45 cm.2 #2 5. Keep in mind that each hole drilled will slightly flatten the pitch of the holes below. use a 1/4” dremel tool sanding disk and/or sandpaper wrapped around a 1/4” drill bit blank. the first hole can be tuned a bit sharp. This tuning method is tricky at first.3. then enlarge the hole until the tone is raised to its proper pitch. Diameter #5 (Back) #4 Nodes 3. 4 mm.5cm. 5 = 11 mm.6 Drilling the Fingerholes The holes should be drilled with a 3/8” forstner bit. and the fifth on exact pitch. 1.5) Hole to hole distance = Flute Length (divided by 10) Hole #4 to #5 distance = 3. Reverse Taper 12. Total Length = 54. This will make it easier to play notes which require partial hole covering. 3. but after a few attempts you get the feel of the degree of compensation needed. the second less sharp. Conically widening the hole wall as it approaches the bore will improve the higher octave tone. To compensate. If the length of your flute is not 54. the third less sharp than the second. Mark the holes on the flute and begin by drilling hole number 1.8 cm.1 x Flute length (divided by 54. you can use the following formula: #3 5.5 cm.5) #1 Smallest Bore Dia.6 Holes Bottom end to hole #1 = 12. Slightly bevel the top edge of the hole. Tapered Bore 1.2 . Blowing Edge Holes 1. Other drill bits tend to splinter the bamboo.5 cm.2 cm.5 cm. the latter works very well for finish sanding the holes. Refer to the hole measurement diagrams for hole placement. 4. 30° 1 cm. 2. Used with a drill. 2 cm. Test blow. the fourth less sharp than the third.45 5. = 1.6 x Flute Length (divided by 54.1 . To enlarge the holes to the proper diameter. Repeat these steps for the remaining holes. Shakuhachi Measurements All measurements will vary from flute to flute. Diameter Hole 3 = 10 mm.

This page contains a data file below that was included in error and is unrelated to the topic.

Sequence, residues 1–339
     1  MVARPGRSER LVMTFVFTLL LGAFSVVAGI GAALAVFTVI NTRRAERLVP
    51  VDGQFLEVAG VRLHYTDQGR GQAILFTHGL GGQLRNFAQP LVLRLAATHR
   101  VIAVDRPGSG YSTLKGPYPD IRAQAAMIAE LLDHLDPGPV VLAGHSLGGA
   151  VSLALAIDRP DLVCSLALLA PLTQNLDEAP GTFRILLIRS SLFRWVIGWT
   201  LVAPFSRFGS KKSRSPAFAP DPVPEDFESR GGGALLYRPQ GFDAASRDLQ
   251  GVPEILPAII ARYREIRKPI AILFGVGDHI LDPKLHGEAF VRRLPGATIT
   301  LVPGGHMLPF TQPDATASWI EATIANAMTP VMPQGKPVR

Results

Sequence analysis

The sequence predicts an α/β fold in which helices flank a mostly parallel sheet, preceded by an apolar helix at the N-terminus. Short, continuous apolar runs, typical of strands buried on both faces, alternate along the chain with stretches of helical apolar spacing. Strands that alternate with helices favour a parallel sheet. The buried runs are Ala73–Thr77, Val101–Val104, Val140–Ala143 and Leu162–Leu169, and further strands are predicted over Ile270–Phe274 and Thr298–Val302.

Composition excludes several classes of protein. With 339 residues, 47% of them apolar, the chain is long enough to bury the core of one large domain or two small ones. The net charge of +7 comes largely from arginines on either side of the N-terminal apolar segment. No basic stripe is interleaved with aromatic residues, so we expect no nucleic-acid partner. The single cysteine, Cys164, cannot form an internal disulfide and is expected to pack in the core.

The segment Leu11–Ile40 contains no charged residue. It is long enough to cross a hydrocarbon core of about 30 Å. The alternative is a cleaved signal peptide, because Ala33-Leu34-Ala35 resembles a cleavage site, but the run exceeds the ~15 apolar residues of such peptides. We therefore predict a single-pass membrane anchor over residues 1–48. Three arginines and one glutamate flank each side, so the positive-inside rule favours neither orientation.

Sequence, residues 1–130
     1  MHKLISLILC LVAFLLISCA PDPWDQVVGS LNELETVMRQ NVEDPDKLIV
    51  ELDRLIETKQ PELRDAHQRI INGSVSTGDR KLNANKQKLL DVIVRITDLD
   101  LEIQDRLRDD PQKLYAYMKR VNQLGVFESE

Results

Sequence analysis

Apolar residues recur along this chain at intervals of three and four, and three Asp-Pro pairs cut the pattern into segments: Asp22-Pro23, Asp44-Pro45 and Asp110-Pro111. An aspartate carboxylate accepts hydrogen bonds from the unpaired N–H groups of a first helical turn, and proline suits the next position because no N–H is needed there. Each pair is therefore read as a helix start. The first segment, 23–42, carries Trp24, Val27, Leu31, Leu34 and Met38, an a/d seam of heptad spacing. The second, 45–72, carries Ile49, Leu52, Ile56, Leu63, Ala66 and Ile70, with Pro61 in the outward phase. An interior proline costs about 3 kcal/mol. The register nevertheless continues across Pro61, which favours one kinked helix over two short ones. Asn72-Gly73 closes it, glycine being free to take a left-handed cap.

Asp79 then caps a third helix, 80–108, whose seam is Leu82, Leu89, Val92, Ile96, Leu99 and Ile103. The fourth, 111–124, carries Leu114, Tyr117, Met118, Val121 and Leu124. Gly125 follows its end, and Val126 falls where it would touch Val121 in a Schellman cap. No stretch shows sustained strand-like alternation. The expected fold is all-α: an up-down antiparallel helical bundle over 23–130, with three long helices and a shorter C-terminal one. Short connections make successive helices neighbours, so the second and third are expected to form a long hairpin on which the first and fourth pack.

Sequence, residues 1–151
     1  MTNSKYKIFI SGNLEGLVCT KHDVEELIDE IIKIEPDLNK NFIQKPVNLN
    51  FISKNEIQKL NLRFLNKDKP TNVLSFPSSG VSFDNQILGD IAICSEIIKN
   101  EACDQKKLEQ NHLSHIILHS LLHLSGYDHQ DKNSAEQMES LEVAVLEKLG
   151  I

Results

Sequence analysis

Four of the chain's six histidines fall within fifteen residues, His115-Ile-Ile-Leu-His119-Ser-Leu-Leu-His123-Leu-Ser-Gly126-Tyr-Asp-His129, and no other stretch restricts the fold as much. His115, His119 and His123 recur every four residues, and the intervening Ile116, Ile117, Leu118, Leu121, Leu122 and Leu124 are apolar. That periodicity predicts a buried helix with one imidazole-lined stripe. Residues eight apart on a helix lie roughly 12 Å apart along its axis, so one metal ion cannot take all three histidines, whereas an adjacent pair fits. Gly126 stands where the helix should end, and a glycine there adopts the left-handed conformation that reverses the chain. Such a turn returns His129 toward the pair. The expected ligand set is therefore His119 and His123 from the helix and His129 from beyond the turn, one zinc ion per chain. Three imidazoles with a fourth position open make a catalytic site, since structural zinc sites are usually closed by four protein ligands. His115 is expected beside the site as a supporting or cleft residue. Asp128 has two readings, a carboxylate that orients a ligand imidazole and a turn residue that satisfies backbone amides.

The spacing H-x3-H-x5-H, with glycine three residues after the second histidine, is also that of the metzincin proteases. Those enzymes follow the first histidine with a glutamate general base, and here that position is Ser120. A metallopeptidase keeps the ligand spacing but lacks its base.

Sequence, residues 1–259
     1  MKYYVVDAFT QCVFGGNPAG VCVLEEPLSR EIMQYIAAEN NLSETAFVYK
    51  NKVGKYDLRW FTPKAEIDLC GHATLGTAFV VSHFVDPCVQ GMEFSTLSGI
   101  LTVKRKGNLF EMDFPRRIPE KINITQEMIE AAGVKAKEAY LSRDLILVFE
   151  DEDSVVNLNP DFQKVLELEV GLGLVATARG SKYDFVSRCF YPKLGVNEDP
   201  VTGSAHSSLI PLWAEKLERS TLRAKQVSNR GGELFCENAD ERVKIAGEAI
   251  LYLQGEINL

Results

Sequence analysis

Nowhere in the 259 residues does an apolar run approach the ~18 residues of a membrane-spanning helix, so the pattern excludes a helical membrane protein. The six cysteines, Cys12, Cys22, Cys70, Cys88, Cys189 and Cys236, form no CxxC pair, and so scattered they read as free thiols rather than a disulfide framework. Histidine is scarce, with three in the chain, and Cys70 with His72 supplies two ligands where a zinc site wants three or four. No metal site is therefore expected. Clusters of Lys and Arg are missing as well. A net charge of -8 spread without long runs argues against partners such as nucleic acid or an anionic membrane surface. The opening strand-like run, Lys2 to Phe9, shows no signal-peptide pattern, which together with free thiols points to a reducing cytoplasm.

patience and perseverance. Critical Points along the Shakuhachi Bore 3/4 1/2 1/4 Hole First note D (all holes closed) 3/4 1/2 1/4 Hole Second note F 3/4 1/2 1/4 Hole Third note G 3/4 1/2 1/4 Hole Fourth note A 3/4 1/2 1/4 Hole Fifth note C 3/4 1/2 1/4 Hole Sixth note D . these points are found at the 1/2 point between the blowing edge and the open hole of the note being played (1/4 & 3/4 points for second octave). It is a combination of mathematics. requiring an approach which is beyond pure mechanics. If you are inspired to continue making flutes. It is also possible that a combination of adding and removing will be needed. (A long split bamboo stick with foam rubber tied to the end works well to slide the newspaper to the desired spots. adding and/or preferably removing space along various areas of the bore until all the tones play well.If you are happy with the sound of your flute. then at every centimeter along the bore. Then try adding in different combinations. stop and move on to the next note that needs improvement. The shakuhachi is much more than physics. try adding newspaper to the other critical points. Fine Tuning the Bore Fine tuning the bore is the main challenge in constructing a quality shakuhachi. it can be corrected by adding or removing space at one or more of these areas. It may be helpful to work a little every day or two to slowly get to know the peculiarities of each flute. This is where experience helps. Play the flute to check for tone improvement. Listen to the bamboo. you will need to remove space at one or more of the critical points. Altering the critical points for one tone can also affect the other notes as well so it is important to work slowly to get a feel of what is happening to the flute on a whole.) If it improves the tone. the bore. To check if space needs to be added. essentially. It may also inspire you to make another. there is no more work to be done. Each is unique. A good rule of thumb is to exhaust every possible simple solution before attempting the complicated combinations. as well as directly under the open hole. intuition. If the tone improves after grinding one or more critical areas. but nonetheless. Each note has corresponding ‘critical points’ along the bore which can be adjusted to affect the tone. critical to the potential sound quality of the instrument. If there is still no improvement or the tone sounds worse. educated guess. If there is no tone improvement. If a particular note is not playing well. The actual space along the bore that will need to be removed or added will most likely be minute. the newspaper can be removed and the area can be built up with a dab of glue and sawdust or paste resin. you may eventually be drawn to enter the soul of the shakuhachi. the areas will need to be refilled. For the low octave notes. luck. If there is no improvement after exhausting all the possibilities. It takes patience and experience to develop a mental map of the shakuhachi bore using this fine tuning method. This process is. You can also experiment with smaller or larger pieces. fold up a small piece of wet newspaper (approximately 1 1/2” by 1/2”) and apply it to the 1/2 point in the bore. It’s finished! It may be all that you want and need in a flute. You can wrap a thin strip of coarse sandpaper around the end of a dowel or weld a 1/2” section of a bastard file to a metal rod. A dremel sanding drum bit on the end of a long rod also works well. or experiment with other sizes. Various tools will work to remove space.